5 Perfect Shots From The Women Behind The Horror Anthology ‘XX’

By  · Published on February 16th, 2017

The women behind the thrilling anthology share their favorite blood-curdling shots.

Photo by Taylor Jewell/Invision/AP

As part of our ongoing series that explores the frames that have inspired the filmmakers of today, we’ve invited the five women behind the new horror anthology XX (which hits theaters this weekend) to each share One Perfect Shot from thrillers they found to be formative. It’s our chance to look at what frightens and inspires a few of the badass ladies who are crafting today’s horror landscape.

For more on XX, watch the trailer at the bottom of the page or check out Rob Hunter’s review of the film from Sundance and Jamie Righetti’s in-depth conversation with three of the filmmakers.

Karyn Kusama

The Texas Chainsaw Massacre (1974)
DP: Daniel Pearl
| Director: Tobe Hooper

“Few horror films are as viscerally disturbing as The Texas Chainsaw Massacre, as much for the agony endured by its young victims as the nihilism exhibited by its primary antagonist, Leatherface. Like a grown child who doesn’t understand the world around him (and wouldn’t have the capacity to empathize with it even if he did), Leatherface swings his chainsaw in a defiant, ineffective rage at the end of this classic film: reminding all of us that his violence traps and stunts him as it terrorizes others. If any image makes me feel the true senselessness of violence, this one is it.”

Roxanne Benjamin

A Tale of Two Sisters (2003)
DP: Mo-gae Lee
| Director: Jee-Woon Kim

“I love how this shot in A Tale of Two Sisters, lensed by Mo-Gae Lee, emphasizes Kim Jee-Woon’s use of framing to isolate or entrap his characters in a wide open exterior. And in the film he often recreates framing, turning an earlier carefree image into one of horror. Later on, this shot is mirrored by one in which the character lays on her back, bloodied on the floor.”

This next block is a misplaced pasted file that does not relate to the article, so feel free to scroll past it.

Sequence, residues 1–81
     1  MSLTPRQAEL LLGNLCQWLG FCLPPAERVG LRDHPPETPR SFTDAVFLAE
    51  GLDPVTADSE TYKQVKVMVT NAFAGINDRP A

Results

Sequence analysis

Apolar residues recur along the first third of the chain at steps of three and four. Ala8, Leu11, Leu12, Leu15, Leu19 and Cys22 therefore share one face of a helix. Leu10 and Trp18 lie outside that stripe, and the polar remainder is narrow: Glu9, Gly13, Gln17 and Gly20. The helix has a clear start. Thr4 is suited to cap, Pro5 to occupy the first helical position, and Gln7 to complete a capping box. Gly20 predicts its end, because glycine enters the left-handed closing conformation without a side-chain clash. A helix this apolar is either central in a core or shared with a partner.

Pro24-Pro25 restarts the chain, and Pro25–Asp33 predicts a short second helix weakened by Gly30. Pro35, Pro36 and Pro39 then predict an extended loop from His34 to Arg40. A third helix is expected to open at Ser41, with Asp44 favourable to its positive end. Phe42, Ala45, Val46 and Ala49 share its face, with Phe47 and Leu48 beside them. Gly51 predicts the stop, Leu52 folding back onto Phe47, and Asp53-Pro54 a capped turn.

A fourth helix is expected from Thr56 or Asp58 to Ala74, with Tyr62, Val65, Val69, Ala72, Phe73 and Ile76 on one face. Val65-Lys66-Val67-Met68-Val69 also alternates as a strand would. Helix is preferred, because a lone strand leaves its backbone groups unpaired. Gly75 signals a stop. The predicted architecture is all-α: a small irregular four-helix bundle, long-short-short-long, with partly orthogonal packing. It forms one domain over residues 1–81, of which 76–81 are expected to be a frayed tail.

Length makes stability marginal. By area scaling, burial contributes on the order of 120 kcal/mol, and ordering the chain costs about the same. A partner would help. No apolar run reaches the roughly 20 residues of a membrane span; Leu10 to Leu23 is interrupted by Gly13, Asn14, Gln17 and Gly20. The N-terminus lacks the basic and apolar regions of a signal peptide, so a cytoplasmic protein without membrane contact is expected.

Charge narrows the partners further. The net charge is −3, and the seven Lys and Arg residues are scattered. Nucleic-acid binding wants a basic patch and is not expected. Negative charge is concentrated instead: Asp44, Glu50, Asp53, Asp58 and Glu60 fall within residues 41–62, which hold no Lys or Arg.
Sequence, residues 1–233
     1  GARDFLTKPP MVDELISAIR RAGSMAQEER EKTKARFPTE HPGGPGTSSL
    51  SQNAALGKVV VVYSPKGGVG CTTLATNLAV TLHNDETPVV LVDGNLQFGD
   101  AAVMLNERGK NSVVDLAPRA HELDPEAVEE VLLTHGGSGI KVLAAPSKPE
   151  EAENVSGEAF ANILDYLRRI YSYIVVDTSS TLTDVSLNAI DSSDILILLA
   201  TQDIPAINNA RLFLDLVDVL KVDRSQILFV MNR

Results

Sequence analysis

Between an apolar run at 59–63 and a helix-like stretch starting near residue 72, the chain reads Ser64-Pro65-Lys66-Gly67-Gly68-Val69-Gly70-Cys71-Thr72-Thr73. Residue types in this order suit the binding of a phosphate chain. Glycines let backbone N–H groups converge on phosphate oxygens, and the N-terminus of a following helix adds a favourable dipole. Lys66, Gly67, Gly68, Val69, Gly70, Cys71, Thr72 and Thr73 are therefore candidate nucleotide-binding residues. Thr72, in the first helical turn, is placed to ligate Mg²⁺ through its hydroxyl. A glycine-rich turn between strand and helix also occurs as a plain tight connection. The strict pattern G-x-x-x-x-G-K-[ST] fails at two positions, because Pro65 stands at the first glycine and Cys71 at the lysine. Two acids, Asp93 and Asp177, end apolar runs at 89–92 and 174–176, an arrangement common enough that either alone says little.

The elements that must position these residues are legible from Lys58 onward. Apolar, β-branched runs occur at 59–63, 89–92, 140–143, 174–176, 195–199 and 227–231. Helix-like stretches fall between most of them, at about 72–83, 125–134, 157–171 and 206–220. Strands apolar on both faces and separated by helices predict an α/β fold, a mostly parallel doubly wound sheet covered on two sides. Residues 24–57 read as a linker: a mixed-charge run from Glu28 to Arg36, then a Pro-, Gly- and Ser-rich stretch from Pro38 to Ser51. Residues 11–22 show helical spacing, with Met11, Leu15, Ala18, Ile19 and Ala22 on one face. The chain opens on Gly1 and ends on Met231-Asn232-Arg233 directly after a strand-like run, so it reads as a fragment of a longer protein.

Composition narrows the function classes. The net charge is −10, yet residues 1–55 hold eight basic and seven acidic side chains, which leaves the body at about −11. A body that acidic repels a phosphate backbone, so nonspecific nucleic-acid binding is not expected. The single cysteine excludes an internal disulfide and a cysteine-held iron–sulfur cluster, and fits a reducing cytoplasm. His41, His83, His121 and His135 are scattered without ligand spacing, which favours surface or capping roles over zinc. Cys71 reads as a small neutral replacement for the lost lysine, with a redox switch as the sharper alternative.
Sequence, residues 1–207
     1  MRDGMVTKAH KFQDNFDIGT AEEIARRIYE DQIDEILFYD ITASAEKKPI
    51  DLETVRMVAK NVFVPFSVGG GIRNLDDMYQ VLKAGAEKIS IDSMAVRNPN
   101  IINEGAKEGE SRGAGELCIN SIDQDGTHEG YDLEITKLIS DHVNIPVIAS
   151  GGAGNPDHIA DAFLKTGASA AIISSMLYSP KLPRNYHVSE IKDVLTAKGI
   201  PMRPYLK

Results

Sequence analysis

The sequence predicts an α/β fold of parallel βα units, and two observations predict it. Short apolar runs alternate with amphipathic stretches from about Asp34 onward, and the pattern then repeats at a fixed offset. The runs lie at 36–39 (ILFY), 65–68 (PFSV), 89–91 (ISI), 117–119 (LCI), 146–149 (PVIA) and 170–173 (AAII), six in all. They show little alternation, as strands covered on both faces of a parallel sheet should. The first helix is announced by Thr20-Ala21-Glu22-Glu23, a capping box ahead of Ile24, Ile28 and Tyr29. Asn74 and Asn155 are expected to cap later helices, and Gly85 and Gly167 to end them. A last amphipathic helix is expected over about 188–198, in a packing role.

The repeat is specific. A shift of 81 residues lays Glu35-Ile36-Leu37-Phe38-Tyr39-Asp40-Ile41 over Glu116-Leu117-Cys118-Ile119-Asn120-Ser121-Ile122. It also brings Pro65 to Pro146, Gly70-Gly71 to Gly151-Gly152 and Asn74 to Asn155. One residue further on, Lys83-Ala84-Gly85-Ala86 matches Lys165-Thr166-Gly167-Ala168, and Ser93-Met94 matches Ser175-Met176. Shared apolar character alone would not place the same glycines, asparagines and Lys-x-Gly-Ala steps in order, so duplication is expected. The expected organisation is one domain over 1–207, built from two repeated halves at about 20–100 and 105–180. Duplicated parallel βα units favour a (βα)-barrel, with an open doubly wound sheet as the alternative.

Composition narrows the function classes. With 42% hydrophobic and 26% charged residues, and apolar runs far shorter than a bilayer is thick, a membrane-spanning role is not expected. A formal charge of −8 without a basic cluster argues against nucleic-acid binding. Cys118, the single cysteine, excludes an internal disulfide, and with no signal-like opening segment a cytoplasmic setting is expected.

Jovanka Vuckovic

The Exorcist III (1990)
DP: Gerry Fisher
| Director: William Peter Blatty

“If you’ve seen William Peter Blatty’s underappreciated 1990 Exorcist sequel, based on his book Legion, you know the scene: A long dark hospital corridor. One glorious, locked off master shot. No cutaways. Pure nightmare fuel. A seated security guard is called away as a nurse enters a room across the hall. The guard returns, picks up his hat and exits again and we’re left behind, looking at an empty hallway. A moment later, the nurse emerges, turns out the light, closes and locks the door and walks away when – BOOM – the door opens and the most epic, frightening scene ever captured on celluloid takes place. The scene’s effectiveness lies in the shot choice and timing. We see all of this banal action take place from a distance, the camera totally static, not much of any importance is happening, otherwise we’d be closer, right? We get comfortable, and then Blatty snap zooms in at the precise moment, along with a loud, shrieking music cue, and it’s all over, you’ve crapped your pants and will never sleep again. One perfect shot indeed.”

Sofia Carrillo

Pan’s Labyrinth (2006)
DP: Guillermo Navarro
| Director: Guillermo del Toro

“The Pale Man and his lair in Pan’s Labyrinth really feels taken from the collective subconscious. It’s a scene of true horror that is also quite enjoyable from a design experience. The Pale Man himself is repulsive but you can’t look away. You’re transfixed and it produces a feeling of being a child again and fear of the monsters who lurk in our imagination.”

Annie Clark

The Piano Teacher (2001)
DP: Christian Berger
| Director: Michael Haneke

“This is a shot of Isabelle Huppert from Michael Haneke’s The Piano Teacher. No one does human cruelty like Haneke. No one does brutalizer/brutalized like Huppert.”

Watch the trailer for XX below:

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